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krobinson511

Green Mill Run, NC Trip and Some Unidentified Fossils on 8/26/2018

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krobinson511

Hello! This is my first time posting on the forum. My family and I got into fossil hunting about a year ago. My two sons (ages five and seven) love dinosaurs just like many kids their age, so while on vacation in Florida, we made a day trip to Venice Beach to look for shark teeth. We didn't even have sifters, but we found a handful of shark teeth and were hooked! We've enjoyed making day trips to Aurora Fossil Museum in NC to "dig the past." We decided to change things up a little and explore Green Mill Run in NC. We live in Chesapeake, VA (near Virginia Beach), so Greenville is about two hours and twenty minutes away. Aurora is about two hours and forty minutes away.

 

We brought a large shovel and a few screens. I have a couple of small hand sifters (intended for baking) that the boys can get a good handle on. We had a medium screen that we bought in Aurora and we zip-tied a pool noodle around it so it would float. This past April, we went fossil hunting in the Peace River in Florida, so hunting at Green Mill Run was similar. The water level was pretty low (a foot high or less) and there was plenty of shade so the boys could take a break from the sun. At first, I tried digging around a rock to see if any teeth were caught up in there. I would get about an average of three teeth per shovelful. It was great to be finding so many teeth like in Aurora while also keeping cool in the water! After about an hour, I decided to try moving around to different spots where I saw lots of rocks instead of sticking one place. This approach yielded even more teeth. We walked away with lots of shark teeth, squid pens (they're called pens, right?), and other fragments that seemed significant. We hunted for about two hours until the boys were ready to go and a bit hangry (I did pack a lunch...). I could have stayed all day, but they were a bit tired after the long car ride--and we still had to go back in the car to get home.

 

It was a great first trip there and I'd love to go back! My husband was a bit worried about the possibility of snakes, but we didn't see any at all. I would definitely recommend water shoes because there was A LOT of glass in the sand.

 

My seven-year-old son makes videos of our fossil hunting trips for his YouTube channel, which he calls Dino Study. If you want, you can watch it below. My five-year-old son doesn't like making as much of an appearance on camera, so there is a little less footage of him.

 

The best finds included a nice, large sand tiger tooth (found by my seven-year-old) and a large great white tooth (I believe) that I found from the surface.

IMG_5740.thumb.jpg.7232bf5fac31537490a9d7726f64c9c3.jpg

 

Most of the teeth from the day.

IMG_5747.thumb.jpg.ff9ca568c279e060be217cb1783a760a.jpg

 

I saw this and thought it could be a molar of some kind or perhaps just a conveniently-shaped rock. I have a photo of the top and bottom.

IMG_5738.thumb.jpg.dd9a28ec342c93e8c0ae7f9f4b5a1697.jpg

IMG_5739.thumb.jpg.e9d0106208b1fa2ecbcf359bbf96a506.jpg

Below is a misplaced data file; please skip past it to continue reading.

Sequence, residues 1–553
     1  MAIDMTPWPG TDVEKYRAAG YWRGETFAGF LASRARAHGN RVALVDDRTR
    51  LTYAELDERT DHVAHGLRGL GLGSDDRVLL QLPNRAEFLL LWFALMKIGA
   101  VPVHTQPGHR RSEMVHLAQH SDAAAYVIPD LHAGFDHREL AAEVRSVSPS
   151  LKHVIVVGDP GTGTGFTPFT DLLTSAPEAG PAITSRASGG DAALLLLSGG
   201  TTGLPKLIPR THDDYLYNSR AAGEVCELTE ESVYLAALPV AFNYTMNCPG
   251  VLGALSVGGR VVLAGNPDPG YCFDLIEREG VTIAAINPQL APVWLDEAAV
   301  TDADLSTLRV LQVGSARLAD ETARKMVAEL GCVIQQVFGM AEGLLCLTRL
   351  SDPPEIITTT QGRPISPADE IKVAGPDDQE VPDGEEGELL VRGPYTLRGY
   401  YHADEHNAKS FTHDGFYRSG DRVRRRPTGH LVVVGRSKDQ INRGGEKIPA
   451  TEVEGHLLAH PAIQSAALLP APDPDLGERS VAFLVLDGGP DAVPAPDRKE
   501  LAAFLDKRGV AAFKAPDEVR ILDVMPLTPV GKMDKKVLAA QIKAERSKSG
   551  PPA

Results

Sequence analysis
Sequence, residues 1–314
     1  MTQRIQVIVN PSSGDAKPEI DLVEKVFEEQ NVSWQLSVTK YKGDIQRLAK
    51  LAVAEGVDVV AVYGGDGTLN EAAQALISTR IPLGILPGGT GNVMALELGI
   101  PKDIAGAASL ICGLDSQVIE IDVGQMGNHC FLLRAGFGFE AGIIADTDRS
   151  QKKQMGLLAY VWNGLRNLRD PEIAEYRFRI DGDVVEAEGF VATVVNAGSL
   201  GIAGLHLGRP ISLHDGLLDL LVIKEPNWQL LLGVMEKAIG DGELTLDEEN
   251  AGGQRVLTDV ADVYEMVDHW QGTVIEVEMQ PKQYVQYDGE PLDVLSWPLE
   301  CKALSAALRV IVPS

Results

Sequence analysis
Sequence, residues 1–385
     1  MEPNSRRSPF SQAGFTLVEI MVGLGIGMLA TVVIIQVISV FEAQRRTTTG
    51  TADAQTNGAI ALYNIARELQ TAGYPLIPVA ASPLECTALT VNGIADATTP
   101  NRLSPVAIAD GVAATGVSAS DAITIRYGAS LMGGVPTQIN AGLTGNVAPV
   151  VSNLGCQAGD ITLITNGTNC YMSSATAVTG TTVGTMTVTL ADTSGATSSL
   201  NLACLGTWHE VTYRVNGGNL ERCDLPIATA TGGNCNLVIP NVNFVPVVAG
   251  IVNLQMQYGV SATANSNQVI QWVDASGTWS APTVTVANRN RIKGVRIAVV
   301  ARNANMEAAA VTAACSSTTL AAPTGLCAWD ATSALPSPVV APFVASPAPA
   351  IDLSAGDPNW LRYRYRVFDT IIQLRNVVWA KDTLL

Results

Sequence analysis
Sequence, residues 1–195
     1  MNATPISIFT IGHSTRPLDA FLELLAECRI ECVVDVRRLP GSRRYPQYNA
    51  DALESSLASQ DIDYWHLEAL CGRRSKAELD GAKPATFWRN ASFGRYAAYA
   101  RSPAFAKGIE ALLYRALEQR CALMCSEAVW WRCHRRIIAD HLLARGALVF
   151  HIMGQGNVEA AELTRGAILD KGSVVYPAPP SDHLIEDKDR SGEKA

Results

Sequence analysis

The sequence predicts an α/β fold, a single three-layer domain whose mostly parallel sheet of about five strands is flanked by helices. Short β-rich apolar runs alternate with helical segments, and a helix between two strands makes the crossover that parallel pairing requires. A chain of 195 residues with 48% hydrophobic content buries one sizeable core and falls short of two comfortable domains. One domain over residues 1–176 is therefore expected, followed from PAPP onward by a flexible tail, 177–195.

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krobinson511

Here are a few more fossils I was not sure about if you don't mind taking a gander.

 

Perhaps a bone fragment?

IMG_5741.thumb.jpg.3672b1cb1fbc1e652af3adf2335d7be2.jpg

 

My husband brought this one home in case it was "something." Here's the front and the back. The front seems to have some impressions or markings.

IMG_5742.thumb.jpg.c92870aec41c3578dca9ce8cf1bbc963.jpg

IMG_5743.thumb.jpg.096f3fac95d4f7fb17239fe68751bfb8.jpg

 

Here's two that I wasn't sure if they were some other kind of teeth, worn rocks, pieces of bone, or indescribaIMG_5745.thumb.jpg.dae412ff8f49e878f3d87d7c78105fca.jpgble.

IMG_5746.thumb.jpg.d7f832fc81fc100f3d63213b931a3004.jpg

 

Thanks for reading!

 

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Auspex

This looks like a chunk of whale vertebra.

image.png

Welcome to the Forum:)

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Steve D.

Love the video!!! I can't wait to make something like that with my two little boys. haha

 

Thanks for sharing and welcome to the forum. 

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WhodamanHD

Nice fossils! Your great white is probably better described as a white shark, Carcharodon hastalis, The predecessor of the Great white. It’s teeth have no serrations. I agree the bone chunk is a bone chunk, maybe whale. Don’t know about vertebra, would need more pictures.

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The Jersey Devil

The tooth next to the Carcharodon hastalis is a Cretaceous Scapanorhynchus texanus. The bone chunk looks more like a peripheral turtle shell piece.

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Gobulldogs77

This is awesome. And great video. I am wanting to take my son there as well. Where did you park and walk to for where you were at? That looks like a great spot. 

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Tidgy's Dad

Nice finds. 

Hello, and a very warm welcome to TFF from Morocco. :)

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Rowboater

Nice hunting!  Always fun with the family!

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